2 Spuds in a Pod

Looking after your mental and physical wellbeing.

Tag: bmi

That BMI thing, again…!

You guessed it! I am not quite finished with this BMI thing. The reason being we had our chat with the nutritionist and it came up there with an interesting twist.

The Nutritionist

We saw the nutritionist last week where she was not as scary as I was first thinking. Read my previous blog to find out why I thought they would be scary. She went through our food plans and then put us on a fancy looking machine. Said machine sent an electrical signal through our bodies as it measured our fat, muscle, calories expenditure and biological age. It provided a lot of interesting answers to say the least. My personal favourite was backing up the fact that I think a BMI measurement with me is useless.

Let me explain

As I have explained before in a previous blog BMI takes your height and your weight to give you a number. The number is then put on a chart which tells you if you are: underweight, normal, overweight and so on. However, (and this is the issue) it takes your full weight. It takes your fat, blood, muscle, bone and all that other stuff in our bodies that make it work. It doesn’t separate it. And this is where I am falling down. I have lost around 8 kilos at the minute which is highly likely to be fat based. I am due to lose another 10 kilos to make it into the IVF criteria number. But due to my nutritionist machine results I can only lose a further 4 (ish) kilos in fat. So what about the 6 other kilos I hear you cry? Muscle. To get to the IVF number I am now having to lose healthy muscle.

Polycystic Ovary Syndrome (PCOS)

Due to having PCOS I have more testosterone running around my body than someone without PCOS. Testosterone is partly responsible for muscle. This is why I have more muscle in my body. Muscle weighs more than fat. Therefore I am heavier than most but it is muscle which is causing me an issue and not so much the fat.

What have I to do?

A very good question. After years of doing heavy weights I have to give it a break and concentrate on cardio to decrease muscle mass. Zumba and boxing are thankfully cardio based exercises but I am also going to have to try this running thing. Now me and running are not the best of friends. The first time I attempted running I got so far and then had my appendix out and the second time I attempted it I ended up with a slipped disc in my back. I hung up my running shoes after that as I wasn’t about to attempt a third time. However, here I am having to attempt a round 3. I am really hoping with a gradual build into it and a physio on stand by the third time will be better.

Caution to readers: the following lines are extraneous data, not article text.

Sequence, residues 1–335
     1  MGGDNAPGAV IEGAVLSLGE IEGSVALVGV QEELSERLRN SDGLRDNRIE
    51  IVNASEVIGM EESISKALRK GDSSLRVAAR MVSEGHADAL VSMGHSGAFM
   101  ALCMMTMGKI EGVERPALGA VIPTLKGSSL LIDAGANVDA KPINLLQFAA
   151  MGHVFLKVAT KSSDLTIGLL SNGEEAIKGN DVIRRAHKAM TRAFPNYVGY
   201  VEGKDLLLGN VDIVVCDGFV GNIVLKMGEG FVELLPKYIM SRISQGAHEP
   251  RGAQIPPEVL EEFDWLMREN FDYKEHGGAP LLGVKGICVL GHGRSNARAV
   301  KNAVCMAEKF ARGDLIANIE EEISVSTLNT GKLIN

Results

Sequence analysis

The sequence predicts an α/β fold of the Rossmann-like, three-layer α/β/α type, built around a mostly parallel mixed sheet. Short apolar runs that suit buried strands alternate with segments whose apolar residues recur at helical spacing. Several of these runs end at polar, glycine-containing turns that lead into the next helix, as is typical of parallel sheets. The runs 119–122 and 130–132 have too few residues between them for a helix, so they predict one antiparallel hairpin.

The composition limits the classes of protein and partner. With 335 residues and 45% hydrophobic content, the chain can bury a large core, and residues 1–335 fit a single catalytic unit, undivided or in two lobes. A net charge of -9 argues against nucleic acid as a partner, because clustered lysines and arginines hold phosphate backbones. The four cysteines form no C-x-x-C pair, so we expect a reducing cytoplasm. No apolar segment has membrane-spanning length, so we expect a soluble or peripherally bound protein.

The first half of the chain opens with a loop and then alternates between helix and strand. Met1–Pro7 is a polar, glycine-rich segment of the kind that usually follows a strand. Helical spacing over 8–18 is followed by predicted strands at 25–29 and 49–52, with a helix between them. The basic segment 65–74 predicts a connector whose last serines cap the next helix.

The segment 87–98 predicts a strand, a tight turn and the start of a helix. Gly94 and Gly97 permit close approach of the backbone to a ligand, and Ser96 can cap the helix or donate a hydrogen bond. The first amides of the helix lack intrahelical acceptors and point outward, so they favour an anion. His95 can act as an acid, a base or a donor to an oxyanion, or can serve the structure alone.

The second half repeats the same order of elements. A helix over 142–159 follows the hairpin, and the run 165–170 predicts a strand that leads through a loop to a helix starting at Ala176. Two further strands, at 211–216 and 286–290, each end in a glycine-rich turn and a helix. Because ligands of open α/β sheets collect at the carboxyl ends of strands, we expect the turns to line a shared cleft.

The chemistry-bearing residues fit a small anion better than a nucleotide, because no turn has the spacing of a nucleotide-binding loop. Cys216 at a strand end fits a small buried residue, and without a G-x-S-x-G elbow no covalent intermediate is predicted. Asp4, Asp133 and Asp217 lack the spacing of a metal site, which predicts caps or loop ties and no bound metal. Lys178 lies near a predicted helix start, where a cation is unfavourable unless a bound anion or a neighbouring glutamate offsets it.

Sunday

Last Sunday we attempted a run. We went down to a running track in the next town and saw what we were working with. It was great (maybe not!). It was cold, it was tipping it down with rain, the ground had many puddles on it and it was an early Sunday morning. I was very tempted to take a photograph of this and send it to our IVF consultant with a note saying, “this is weight loss”. We started slowly and just let our legs take us where we needed to go. I ended up running around 4.4 km. I have not run like that in about 18 months so I thought it was a good attempt. Now we need to see where running may take us.

A glimmer of hope

Now all this being said the chat with the nutritionist and the fat to muscle result has given us a teeny tiny bit of hope. It may be a lost cause but it is something new to try. The end of December was always going to be a point for checking our weight and seeing how close we were to that magical BMI figure. It is still going to be but what I am going to do is this: get on the nutritionist’s machine again, ask her to write a report about the results then take it to our consultant. Once we meet our consultant I will show them our results and ask if we have a chance to get into the IVF service. I fully understand they may turn around and say no but it is worth a shot, isn’t it?

Not eating enough